By-election, 21 Dec 1883: Wigan (1 seat)[35]
Party Candidate Votes % ±
Conservative Nathaniel Eckersley Unopposed
Conservative hold
  • Caused by Knowles' death.
By-election, 4 Dec 1882: Wigan (1 seat)[35]
Party Candidate Votes % ±
Conservative Algernon Egerton 2,867 56.1 +4.6
Liberal Walter Wren[36] 2,243 43.9 −4.7
Majority 624 12.2 +11.9
Turnout 5,110 83.8 −9.3 (est)
Registered electors 6,097
Conservative hold Swing +4.7
  • Caused by the previous election being declared void on petition.
By-election, 20 Jan 1881: Wigan (1 seat)[35]
Party Candidate Votes % ±
Conservative Francis Powell 3,005 54.2 +2.7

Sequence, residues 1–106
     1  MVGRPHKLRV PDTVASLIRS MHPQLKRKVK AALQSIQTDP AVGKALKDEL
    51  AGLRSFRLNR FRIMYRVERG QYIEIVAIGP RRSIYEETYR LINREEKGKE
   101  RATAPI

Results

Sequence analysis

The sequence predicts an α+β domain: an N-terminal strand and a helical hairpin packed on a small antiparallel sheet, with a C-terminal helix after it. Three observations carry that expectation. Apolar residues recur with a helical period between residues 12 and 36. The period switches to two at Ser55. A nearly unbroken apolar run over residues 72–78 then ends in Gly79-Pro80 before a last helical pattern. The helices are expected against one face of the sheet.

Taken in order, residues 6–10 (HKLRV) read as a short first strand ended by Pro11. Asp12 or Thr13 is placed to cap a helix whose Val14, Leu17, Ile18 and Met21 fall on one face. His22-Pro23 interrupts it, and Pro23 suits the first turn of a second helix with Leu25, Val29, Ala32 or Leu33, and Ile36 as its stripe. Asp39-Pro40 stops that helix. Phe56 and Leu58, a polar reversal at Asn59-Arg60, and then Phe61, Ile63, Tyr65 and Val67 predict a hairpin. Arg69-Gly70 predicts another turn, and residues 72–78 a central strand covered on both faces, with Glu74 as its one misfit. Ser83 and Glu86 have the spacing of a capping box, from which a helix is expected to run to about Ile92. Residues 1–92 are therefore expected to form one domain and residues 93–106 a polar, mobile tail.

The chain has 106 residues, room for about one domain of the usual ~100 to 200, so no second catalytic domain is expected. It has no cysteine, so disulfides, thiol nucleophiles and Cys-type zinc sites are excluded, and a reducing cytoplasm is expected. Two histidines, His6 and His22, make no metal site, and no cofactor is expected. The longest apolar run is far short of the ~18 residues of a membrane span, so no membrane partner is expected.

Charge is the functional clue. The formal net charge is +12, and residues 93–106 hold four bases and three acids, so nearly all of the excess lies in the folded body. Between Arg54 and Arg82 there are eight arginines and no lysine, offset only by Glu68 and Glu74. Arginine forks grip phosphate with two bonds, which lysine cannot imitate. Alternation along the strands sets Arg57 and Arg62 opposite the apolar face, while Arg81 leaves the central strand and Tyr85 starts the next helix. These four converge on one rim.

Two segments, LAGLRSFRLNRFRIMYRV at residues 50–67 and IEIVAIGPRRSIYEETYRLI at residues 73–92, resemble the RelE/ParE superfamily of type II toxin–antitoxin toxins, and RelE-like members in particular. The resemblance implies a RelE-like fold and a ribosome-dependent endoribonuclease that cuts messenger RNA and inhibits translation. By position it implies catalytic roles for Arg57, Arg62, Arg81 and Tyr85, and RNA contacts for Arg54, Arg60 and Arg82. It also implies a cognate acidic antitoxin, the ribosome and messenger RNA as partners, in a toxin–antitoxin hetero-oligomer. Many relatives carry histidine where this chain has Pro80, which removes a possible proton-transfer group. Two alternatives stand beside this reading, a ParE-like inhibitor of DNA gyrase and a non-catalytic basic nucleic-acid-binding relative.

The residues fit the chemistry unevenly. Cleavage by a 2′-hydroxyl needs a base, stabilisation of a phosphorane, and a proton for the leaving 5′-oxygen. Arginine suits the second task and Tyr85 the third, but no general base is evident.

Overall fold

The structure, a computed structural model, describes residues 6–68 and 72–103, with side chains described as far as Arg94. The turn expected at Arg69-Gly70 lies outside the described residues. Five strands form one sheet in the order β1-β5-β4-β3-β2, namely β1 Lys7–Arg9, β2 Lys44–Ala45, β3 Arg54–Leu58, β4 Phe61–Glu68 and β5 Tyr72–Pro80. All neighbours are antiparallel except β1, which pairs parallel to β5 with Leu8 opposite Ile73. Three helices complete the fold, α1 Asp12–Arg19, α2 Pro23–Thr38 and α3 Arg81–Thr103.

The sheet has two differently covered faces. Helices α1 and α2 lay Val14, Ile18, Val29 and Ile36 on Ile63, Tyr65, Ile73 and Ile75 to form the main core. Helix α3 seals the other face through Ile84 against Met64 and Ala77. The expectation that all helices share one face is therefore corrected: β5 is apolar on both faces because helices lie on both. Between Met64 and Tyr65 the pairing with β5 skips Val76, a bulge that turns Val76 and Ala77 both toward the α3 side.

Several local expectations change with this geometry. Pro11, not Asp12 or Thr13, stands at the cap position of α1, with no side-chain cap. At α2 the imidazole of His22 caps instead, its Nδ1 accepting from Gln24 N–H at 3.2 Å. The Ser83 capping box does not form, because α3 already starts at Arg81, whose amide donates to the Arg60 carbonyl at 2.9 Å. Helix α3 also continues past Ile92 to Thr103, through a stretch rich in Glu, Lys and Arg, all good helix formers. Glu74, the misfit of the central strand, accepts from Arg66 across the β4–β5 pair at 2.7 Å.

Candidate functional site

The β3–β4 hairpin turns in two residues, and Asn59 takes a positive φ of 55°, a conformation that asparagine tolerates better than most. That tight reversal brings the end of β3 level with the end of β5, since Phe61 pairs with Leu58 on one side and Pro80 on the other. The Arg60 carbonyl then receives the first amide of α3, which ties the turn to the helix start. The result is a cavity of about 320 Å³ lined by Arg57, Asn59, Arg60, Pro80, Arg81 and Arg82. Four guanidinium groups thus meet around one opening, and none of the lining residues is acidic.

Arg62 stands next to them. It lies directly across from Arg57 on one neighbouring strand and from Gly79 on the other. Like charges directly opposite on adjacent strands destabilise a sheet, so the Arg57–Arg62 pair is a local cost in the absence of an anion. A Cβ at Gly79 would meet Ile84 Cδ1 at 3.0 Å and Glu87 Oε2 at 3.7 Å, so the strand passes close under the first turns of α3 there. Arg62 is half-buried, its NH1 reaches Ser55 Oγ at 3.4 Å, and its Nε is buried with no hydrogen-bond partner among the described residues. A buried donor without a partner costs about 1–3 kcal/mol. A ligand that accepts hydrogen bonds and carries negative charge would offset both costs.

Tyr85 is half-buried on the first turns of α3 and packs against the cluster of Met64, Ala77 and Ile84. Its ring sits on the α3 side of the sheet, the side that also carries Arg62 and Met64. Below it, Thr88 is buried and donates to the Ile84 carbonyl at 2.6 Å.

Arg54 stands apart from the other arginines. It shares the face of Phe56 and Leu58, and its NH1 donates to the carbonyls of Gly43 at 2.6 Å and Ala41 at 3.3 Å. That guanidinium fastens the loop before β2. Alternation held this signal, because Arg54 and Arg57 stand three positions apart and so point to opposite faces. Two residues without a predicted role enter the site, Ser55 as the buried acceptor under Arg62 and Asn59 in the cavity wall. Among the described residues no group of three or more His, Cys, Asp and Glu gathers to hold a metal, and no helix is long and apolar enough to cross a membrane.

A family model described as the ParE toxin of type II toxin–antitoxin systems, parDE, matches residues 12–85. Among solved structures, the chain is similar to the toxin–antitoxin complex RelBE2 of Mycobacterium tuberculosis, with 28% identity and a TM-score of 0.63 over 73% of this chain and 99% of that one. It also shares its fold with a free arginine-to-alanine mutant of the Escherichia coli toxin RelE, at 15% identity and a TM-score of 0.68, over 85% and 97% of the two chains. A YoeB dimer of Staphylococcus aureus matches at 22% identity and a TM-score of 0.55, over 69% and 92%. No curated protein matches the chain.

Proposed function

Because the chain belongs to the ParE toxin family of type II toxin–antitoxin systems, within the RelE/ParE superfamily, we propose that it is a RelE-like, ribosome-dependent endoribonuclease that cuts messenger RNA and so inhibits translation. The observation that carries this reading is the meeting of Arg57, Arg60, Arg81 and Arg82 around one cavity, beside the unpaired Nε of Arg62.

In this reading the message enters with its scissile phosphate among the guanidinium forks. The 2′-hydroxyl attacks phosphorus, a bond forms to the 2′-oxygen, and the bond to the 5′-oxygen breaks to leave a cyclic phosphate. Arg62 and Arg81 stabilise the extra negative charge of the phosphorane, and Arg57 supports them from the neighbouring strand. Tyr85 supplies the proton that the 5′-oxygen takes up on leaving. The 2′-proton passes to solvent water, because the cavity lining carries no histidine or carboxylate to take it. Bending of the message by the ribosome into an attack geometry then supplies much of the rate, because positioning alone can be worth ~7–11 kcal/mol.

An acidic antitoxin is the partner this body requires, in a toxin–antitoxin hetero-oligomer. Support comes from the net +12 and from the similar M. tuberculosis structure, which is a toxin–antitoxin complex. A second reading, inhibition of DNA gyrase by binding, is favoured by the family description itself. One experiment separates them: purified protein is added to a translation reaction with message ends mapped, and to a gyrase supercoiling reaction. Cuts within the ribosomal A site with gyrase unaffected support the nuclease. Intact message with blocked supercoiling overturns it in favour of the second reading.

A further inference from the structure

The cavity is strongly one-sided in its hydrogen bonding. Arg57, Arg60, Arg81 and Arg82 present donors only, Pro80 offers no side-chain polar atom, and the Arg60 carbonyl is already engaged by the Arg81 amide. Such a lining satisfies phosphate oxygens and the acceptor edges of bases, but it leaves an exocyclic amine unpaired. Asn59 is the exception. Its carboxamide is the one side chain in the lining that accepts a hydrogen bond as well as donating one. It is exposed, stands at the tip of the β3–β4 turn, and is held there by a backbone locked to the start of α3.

Liberal John Lancaster 2,536 45.8 −2.8
Majority 469 8.5 +8.2
Turnout 5,541 93.3 +0.2 (est)
Registered electors 5,937
Conservative hold Swing −2.8
  • Caused by Lindsay's elevation to the peerage, becoming Earl of Crawford and Balcarres. This by-election was later voided on petition.
General Election 1880: Wigan (2 seats)[35]
Party Candidate Votes % ±
Conservative Lord Lindsay 2,946 25.9 −2.0
Conservative Thomas Knowles 2,913 25.6 −1.3
Liberal John Lancaster 2,880 25.3 +4.2
Liberal George McCorquodale 2,653 23.3 +11.8
Majority 33 0.3 −5.5
Turnout 5,696 (est) 93.1 (est) +4.8
Registered electors 6,120
Conservative hold Swing −3.1
Conservative hold Swing −6.6

Elections in the 1870s[edit]

General Election 1874: Wigan (2 seats)[35]
Party Candidate Votes % ±
Conservative James Lindsay 2,493 27.9 +4.4
Conservative Thomas Knowles 2,401 26.9 +4.0
Liberal John Lancaster 1,883 21.1 −5.4
Lib-Lab William Pickard 1,134 12.7 N/A
Liberal Henry Woods 1,029 11.5 −15.6